Pipeline in the Straits of Mackinac is a ticking time bomb



Flint and the Straits of Mackinac are 225 miles apart but one thing connects them in my mind: distrust.

I have it in spades. Probably we all do. Ever since the poisoning of Flint, I can’t bring myself to trust the state to protect us from anything, great or small, short term or long term.

I most assuredly don’t trust it to protect the Great Lakes, and so I side with the environmental groups that are pressuring the state to end a 63-year-old agreement that allows a company called Enbridge to pipe oil and propane gas under the Straits of Mackinac.

I had no idea Michigan allowed such a thing. I’ll bet you didn’t either.

I guess back in 1953 it didn’t seem like a big deal. But these days we’ve all seen what oil spills can do to the environment. The idea of a pipeline old enough to qualify for Social Security at the bottom of the Great Lakes is terrifying.

We could easily be the site of the next major ecological disaster. A new University of Michigan study if it happens says 700 miles of shoreline potentially could be turned to oily muck.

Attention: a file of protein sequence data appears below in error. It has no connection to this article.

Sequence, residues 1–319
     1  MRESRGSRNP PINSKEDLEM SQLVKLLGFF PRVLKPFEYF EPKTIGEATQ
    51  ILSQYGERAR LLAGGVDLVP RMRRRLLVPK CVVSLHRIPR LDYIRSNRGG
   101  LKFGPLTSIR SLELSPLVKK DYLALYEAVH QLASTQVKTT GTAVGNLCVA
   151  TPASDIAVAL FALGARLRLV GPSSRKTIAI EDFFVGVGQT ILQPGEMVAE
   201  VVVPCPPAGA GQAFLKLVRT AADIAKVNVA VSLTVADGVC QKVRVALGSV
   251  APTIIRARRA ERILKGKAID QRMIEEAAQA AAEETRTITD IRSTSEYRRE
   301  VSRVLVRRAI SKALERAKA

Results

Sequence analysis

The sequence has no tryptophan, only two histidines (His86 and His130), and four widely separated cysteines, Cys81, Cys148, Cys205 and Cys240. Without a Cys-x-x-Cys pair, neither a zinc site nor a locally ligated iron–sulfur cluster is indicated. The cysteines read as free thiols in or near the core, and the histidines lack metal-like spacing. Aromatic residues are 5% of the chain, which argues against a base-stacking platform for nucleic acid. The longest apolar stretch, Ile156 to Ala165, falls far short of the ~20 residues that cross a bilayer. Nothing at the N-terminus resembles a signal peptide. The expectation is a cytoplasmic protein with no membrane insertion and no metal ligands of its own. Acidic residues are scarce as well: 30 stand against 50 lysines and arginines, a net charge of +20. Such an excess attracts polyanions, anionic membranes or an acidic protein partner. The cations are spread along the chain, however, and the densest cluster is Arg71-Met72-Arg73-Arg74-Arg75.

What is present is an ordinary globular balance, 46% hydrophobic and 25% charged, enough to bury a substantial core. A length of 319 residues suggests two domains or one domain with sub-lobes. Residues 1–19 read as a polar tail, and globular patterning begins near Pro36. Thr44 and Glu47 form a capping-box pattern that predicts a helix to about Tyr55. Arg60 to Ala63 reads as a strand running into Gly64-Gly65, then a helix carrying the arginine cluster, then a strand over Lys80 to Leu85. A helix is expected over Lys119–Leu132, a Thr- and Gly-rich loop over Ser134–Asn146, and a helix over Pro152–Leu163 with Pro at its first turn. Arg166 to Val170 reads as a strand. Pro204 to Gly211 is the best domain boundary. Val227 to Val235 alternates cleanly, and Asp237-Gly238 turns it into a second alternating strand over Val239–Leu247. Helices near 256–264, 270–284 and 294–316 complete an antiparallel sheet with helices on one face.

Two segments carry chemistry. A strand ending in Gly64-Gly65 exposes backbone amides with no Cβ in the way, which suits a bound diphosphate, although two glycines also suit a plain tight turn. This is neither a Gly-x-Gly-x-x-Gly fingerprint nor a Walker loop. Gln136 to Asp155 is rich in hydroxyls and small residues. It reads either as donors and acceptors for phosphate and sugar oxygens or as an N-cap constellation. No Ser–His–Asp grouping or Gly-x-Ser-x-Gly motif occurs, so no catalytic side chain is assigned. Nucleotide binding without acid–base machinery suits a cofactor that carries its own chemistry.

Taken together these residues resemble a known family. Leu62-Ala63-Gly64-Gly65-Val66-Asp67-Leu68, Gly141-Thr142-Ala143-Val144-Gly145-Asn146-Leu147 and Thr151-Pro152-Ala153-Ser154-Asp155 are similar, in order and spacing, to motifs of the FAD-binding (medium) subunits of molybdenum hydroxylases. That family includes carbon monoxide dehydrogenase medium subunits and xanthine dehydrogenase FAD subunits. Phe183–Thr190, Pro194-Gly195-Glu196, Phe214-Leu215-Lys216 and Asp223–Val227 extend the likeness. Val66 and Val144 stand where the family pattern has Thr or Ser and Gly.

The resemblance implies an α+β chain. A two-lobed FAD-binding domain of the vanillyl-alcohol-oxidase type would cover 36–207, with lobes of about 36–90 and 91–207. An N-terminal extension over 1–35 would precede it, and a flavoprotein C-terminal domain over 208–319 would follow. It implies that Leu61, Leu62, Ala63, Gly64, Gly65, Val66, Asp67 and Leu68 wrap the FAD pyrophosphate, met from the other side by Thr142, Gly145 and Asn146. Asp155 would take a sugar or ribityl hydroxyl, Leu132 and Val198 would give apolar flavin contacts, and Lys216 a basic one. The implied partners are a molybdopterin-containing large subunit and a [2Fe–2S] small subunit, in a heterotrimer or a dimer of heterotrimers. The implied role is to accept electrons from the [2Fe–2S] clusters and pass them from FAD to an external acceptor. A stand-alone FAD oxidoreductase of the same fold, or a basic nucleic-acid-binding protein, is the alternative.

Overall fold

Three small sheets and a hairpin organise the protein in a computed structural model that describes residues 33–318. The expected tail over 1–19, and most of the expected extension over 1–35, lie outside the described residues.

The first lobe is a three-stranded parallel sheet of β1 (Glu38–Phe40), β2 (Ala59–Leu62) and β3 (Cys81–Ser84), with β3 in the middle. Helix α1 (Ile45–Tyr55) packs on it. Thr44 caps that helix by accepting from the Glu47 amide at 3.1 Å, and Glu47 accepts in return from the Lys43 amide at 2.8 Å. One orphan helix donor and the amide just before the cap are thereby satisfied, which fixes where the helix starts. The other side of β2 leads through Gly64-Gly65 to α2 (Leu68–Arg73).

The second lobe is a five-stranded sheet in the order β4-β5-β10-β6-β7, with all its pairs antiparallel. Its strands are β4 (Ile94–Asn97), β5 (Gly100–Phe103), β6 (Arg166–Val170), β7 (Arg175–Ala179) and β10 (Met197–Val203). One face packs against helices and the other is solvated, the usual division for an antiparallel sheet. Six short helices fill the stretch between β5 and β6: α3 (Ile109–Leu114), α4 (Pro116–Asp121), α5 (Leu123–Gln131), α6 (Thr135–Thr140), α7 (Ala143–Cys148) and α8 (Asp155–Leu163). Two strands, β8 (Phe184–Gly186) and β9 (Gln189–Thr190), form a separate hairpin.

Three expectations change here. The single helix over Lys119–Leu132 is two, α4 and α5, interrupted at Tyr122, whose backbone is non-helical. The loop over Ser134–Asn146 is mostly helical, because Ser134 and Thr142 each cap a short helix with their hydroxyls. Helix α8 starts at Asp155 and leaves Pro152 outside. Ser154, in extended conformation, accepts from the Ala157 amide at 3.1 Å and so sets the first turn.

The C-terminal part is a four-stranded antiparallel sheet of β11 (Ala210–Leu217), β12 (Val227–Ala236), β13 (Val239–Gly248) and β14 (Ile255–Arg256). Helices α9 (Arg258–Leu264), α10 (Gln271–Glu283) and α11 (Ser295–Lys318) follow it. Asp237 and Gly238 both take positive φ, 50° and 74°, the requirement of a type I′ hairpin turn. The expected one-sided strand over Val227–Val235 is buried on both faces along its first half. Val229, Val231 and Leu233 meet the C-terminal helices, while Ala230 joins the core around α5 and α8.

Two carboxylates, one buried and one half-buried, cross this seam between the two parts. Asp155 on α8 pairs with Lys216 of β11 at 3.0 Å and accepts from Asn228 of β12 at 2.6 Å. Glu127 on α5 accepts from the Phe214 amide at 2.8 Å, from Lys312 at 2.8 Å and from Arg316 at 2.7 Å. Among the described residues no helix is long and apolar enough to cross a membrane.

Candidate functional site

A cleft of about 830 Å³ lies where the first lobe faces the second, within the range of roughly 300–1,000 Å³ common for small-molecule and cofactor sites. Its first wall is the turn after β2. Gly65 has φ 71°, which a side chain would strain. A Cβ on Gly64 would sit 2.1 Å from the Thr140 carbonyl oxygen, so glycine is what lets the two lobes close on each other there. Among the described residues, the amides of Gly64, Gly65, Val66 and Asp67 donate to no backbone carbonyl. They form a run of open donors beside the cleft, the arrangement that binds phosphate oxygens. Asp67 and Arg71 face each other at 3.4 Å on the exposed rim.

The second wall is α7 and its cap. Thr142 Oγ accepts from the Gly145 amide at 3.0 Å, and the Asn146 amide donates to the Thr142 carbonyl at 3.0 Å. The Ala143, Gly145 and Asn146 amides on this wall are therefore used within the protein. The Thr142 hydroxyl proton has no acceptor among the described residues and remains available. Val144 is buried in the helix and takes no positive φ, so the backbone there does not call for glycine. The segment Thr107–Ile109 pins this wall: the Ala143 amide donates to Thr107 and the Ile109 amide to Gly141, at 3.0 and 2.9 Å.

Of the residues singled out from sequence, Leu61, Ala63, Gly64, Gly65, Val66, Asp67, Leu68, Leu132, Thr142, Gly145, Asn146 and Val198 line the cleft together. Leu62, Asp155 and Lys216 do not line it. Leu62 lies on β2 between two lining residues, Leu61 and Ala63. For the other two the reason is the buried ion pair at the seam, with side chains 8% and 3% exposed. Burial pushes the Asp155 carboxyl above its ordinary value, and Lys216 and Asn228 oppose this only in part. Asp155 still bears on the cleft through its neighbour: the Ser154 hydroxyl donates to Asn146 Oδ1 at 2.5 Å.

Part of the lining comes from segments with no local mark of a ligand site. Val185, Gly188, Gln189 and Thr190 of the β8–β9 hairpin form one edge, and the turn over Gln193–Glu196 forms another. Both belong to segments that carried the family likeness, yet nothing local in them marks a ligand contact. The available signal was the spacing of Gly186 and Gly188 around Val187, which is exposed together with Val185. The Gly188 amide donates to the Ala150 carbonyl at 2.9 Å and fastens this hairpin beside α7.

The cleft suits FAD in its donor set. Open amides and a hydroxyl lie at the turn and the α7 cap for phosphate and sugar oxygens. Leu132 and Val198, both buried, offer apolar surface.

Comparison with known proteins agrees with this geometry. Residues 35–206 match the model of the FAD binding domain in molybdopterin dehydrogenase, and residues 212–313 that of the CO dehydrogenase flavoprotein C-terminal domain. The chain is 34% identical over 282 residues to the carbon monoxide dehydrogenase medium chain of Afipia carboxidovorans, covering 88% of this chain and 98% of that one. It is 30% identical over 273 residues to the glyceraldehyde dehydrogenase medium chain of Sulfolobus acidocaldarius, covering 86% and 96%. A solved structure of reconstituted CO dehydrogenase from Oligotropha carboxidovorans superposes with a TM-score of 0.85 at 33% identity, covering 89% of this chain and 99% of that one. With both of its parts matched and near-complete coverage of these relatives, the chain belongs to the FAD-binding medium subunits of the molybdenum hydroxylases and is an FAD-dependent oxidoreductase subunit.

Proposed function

Enbridge, of course, calls that notion preposterous, but I don’t trust them either. I’ll bet Exxon never thought the Exxon-Valdez would run aground and turn the Alaskan shore into an inky nightmare either. And BP surely never suspected the Deepwater Horizon platform could ever explode and gush oil into the Gulf of Mexico for 87 days.

But it did.

So when an Enbridge spokesperson calls the concerns that it could happen in the Straits to a 63-year-old pipe “fear mongering,” my brain reacts like the robot used to in (prepare yourself for a positively ancient TV reference from my youth) “Lost in Space” when it sensed trouble: “Danger, Will Robinson, danger!”

There’s already plenty of evidence that we should be concerned. A 2013 inspection showed dents, weld cracks and pipeline wall thickness deficiencies. An MLive report said: “A 7-inch long spot of pipe — located on the land portion — found to have lost 26 percent of this wall thickness from corrosion when last inspected.” It also quoted a former senior scientist and consultant for Dow Chemical who said, “It appears about 200 sections of pipe did not meet original specifications.”

That’s all I need to hear. You have an old, old pipe that isn’t critical to the state’s economy carrying toxic chemicals beneath pristine waters at the confluence of two of the biggest fresh water lakes in the world.

To me it sounds like an economical disaster waiting to happen.

That pipe may never break or leak. But why take the risk? Better safe than really, really sorry.

It’d be a shame to have to rename ourselves “The Used to be Great Lakes State.”

Andrew Heller is an award-winning mid-Michigan columnist who writes a column monthly in the View Newspapers.

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